Nov 13 2007
Microfluidic devices and molecule manipulation could benefit from research into optical trapping on silicon wafers.
Researchers at the Massachusetts Institute of Technology (MIT) have found a way to optically trap particles through silicon wafers with comparable results to trapping through glass. The integration of optical trapping into silicon environments could pave the way to optical control on small, portable silicon chips.
"There is a great need to couple biophysics methods of optical trapping to the silicon microchip community," Matthew Lang and David Appleyard, researchers from MIT, told optics.org. "Part of why we developed the method was to deliver particles to features such as waveguides and other sensors."
The device enables scientists to manipulate, track and position cells or particles over silicon substrates. "There are many medical applications of our system such as disease diagnostics, drug screening, delivering cells or other molecules to sensor locations, building biological structures, active assembly and studying cell interactions," commented Lang and Appleyard. "One advantage of our device is that it can operate on through/ above silicon surfaces and can move particles around in 3D."
The team investigated two geometries for trapping; 'before' and 'through'. In the 'before' system, the trap focus is formed before the beam path reaches the silicon substrate. In the 'through' system, the laser penetrates the silicon substrate and then forms the trap focus. A crucial hurdle in the design of the instrument was overcoming silicon's lack of transmission at visible wavelengths and limited transmission in the near-infrared.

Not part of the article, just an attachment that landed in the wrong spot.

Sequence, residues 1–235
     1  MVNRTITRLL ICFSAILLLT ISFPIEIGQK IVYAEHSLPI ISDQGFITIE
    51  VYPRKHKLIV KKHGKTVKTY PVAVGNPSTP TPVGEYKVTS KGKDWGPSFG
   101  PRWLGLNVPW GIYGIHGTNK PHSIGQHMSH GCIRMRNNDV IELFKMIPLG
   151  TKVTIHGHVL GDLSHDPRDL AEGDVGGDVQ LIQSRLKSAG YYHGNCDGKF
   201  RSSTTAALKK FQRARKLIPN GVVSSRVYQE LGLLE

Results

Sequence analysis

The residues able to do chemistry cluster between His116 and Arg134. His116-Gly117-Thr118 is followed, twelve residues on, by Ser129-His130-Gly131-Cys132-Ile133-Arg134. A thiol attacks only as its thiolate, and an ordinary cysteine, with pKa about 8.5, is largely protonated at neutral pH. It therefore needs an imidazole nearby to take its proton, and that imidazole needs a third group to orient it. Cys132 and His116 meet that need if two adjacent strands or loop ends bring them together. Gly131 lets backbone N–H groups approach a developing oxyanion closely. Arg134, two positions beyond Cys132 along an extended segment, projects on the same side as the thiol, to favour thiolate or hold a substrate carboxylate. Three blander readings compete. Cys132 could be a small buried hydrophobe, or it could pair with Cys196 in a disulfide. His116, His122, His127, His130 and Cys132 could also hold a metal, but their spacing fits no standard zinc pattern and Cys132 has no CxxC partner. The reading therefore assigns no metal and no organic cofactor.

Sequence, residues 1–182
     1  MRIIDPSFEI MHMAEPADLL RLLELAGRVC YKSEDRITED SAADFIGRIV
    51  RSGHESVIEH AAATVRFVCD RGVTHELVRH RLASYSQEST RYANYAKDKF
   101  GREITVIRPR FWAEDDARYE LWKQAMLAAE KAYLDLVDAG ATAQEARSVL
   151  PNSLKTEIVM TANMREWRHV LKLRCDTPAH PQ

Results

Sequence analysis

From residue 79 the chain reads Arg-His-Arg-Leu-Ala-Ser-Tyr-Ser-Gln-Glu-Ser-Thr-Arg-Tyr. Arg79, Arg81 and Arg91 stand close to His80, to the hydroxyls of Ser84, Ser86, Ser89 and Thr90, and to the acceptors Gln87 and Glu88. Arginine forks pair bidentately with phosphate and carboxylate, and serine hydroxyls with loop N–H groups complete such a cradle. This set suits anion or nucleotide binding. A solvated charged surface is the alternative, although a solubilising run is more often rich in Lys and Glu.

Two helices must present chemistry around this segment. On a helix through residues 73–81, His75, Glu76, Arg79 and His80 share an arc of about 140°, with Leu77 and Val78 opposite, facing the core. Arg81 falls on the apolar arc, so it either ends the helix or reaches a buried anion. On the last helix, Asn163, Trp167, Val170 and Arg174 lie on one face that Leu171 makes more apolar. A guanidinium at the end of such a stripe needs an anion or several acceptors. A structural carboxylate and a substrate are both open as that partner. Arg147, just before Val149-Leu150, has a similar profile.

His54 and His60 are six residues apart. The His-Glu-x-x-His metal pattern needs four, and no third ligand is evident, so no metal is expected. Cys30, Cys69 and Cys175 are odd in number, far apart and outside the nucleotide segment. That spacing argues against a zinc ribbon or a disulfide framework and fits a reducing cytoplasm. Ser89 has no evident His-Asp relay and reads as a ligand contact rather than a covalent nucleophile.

"Currently, the community uses conventional glass slides or other transparent flow chambers for optical trapping because silicon wafers and microchips are non-transparent to visible light," explained Lang and Appleyard. "The key insight is that silicon wafers transmit in the infrared, which means that it is possible to trap through silicon."
The team used a 1064nm trapping laser and a reflective imaging arrangement. The setup involved building a trapping microscope that could operate in tandem with a conventional imaging microscope, where both microscopes looked at the same point on the sample. This enabled object control and measurement comparable to trapping through a classical glass substrate.
"Our device works largely like a conventional optical trap where a tight focus can exert optical forces on micro-nano sized objects," explained Lang and Appleyard. "The double microscope is needed so that you can form the trap, track its position and visualize what is going on."
The team intends to increase transmission by using a trapping wavelength further into the infrared as well as improving the imaging arrangement and optical components.